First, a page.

Sunday, July 16, 2006

Humm batter batter batter

What can a poor boy do when Bill Safire's on vacation? Pick on the substitutes, I guess:

Jack Rosenthal is president of The New York Times Company Foundation. This is his 25th year as a pinch-hitter for William Safire, who is on vacation.

This may be his 25th year of being called up for a week in the majors to fill in for Safire, but he is not a pinch-hitter. Pinch-hitting for Safire would be, oh, bringing Perlman in to face a left-handed grammar question, since Safire is about .130 lifetime on grammar questions and Perlman hits them all over the lot.

Our guest, on the other hand, looks ready to swing at most of the same stuff Bill does:

National Public Radio describes responses from listeners as either “Bouquets” or “Brickbats.” Brickbats? When bricks were dumped out of wheelbarrows, broken fragments were as common as apple cores. In this era of forklift trucks, hardly anyone ever sees a brickbat, yet everyone understands the word to mean an unfavorable or critical remark.

Yes, and one reason might be that the "unfavorable or critical remark" meaning dates to Milton.

What’s a drove? Many readers probably think twice to recall that it refers to animals driven in a herd yet would have had no doubt about what the Times columnist Bob Herbert meant when he wrote, “No wonder potential [military] recruits are staying away in droves.”

Hypercorrective readers might bemoan such terms as trite. But that would ignore a prime principle of the living language. Just as new needs and the desire for novelty pump new words into popular usage, old expressions, instantly understood, long outlive their progenitors. Progenitives, one might call them.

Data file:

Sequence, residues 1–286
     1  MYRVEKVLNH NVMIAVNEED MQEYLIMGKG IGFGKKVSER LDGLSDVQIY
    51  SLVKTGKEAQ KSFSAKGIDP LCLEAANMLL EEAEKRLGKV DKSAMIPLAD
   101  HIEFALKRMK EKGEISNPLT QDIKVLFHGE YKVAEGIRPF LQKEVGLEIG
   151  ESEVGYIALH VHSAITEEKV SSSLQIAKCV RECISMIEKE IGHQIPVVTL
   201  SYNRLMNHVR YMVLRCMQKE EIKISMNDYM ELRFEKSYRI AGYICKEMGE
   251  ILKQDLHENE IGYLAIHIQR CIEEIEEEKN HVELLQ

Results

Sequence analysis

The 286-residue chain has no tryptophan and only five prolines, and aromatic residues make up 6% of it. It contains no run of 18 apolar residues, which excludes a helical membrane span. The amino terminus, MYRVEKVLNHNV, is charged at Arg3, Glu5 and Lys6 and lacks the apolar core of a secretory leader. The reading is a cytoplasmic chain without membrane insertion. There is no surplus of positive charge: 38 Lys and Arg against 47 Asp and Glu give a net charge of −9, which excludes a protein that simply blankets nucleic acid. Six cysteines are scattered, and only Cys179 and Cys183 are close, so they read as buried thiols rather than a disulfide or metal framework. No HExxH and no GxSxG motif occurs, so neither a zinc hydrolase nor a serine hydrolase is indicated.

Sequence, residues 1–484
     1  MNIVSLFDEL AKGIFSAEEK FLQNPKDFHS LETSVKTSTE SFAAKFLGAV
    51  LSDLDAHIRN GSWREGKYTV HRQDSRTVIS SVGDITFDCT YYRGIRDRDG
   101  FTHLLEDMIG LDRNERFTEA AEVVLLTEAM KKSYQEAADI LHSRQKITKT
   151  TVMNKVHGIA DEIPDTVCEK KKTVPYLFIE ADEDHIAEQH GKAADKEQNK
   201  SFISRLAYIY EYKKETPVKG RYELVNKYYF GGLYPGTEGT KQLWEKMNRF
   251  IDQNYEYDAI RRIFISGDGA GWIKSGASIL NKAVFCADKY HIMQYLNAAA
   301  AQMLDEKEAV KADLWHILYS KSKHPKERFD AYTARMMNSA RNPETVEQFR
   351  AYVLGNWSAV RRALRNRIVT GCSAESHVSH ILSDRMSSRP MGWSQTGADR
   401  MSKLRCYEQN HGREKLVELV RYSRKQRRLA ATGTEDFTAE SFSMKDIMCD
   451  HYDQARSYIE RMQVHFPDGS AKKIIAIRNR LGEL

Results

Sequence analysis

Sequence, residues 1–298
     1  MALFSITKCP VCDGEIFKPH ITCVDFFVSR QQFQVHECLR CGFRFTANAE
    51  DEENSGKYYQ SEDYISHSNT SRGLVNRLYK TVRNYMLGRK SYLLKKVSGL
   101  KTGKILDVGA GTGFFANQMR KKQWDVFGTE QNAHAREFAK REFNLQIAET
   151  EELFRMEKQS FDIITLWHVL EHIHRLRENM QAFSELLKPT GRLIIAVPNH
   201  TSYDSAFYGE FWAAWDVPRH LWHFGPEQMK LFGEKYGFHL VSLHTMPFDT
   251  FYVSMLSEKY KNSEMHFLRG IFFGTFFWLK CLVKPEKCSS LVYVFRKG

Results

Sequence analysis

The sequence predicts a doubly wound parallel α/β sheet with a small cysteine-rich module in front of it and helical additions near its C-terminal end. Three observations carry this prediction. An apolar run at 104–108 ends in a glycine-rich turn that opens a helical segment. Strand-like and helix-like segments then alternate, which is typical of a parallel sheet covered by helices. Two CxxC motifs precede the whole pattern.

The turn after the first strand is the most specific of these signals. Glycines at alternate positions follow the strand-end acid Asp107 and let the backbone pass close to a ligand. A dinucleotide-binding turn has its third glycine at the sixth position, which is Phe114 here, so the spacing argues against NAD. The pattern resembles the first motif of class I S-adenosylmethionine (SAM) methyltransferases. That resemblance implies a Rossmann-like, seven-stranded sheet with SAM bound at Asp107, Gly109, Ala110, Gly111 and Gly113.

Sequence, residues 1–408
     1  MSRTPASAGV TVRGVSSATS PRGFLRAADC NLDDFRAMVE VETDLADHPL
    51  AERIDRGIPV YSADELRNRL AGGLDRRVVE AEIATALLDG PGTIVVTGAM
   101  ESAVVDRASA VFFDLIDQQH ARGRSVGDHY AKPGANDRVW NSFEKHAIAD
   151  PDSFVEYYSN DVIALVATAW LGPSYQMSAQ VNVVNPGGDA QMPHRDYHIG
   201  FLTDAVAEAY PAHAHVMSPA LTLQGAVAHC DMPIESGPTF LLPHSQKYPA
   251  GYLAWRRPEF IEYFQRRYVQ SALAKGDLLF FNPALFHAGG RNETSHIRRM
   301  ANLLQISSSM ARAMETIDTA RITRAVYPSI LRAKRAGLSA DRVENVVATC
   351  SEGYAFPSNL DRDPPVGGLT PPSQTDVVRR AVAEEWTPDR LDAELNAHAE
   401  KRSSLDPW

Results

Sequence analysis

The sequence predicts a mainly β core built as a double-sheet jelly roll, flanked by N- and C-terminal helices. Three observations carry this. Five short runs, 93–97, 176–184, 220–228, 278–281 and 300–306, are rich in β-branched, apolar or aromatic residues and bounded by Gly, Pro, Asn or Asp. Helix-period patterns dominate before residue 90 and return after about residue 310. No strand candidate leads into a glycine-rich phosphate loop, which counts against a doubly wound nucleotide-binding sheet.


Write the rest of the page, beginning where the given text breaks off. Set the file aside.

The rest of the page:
Couple of points here. One, hypercorrection has several meanings, of which that is none. (The kind we worry about on the copy desk is using the wrong form because it sounds more like "grammar," as in "give it to whomever asks.") Two, whatever they're doing, they aren't bemoaning "droves" as trite. They might be complaining about the oxymoron "staying away in droves," but that's not an old expression that's outlived its progenitors. It's more a neo-Berra-ism, and for all its colorfulness, it's a bit of a cliche as well.

Even in this digital era, consider how many farm terms color everyday speech: roll in the hay, no spring chicken, barnstorming, horse of a different color, eating our seed corn, cow-eyed, ’til the cows come home.

Hmm. Suppose we should ask our columnist what "roll in the hay" means when it colors his everyday speech? Copyeds, if you let that one through because you didn't notice, you were careless. If you let it through because you did notice, you were very, very naughty. Go to your rooms without dinner.

3 Comments:

Anonymous Sili said...

Forgive me for being stupid, but I thought I knew what "a roll in the hay" was.

Granted it doesn't "colo[u]r my everyday speech", but I'll put that down to being less sexobsessed than the average columnist.

2:23 PM, July 23, 2006  
Anonymous Aaron Haspel said...

"Staying away in droves" may be a neo-Berraism (which I guess means Yogi never said it), but its first use I can recall is in Blazing Saddles, when Harvey Korman is trying to get rid of the townspeople and complains, "Instead of leaving they're staying in droves!"

9:53 PM, July 24, 2006  
Blogger fev said...

Nice catch.

I always dreamed of a lifestyle that would combine cutting-edge news commentary with Harvey Korman quotes.

2:28 PM, July 25, 2006  

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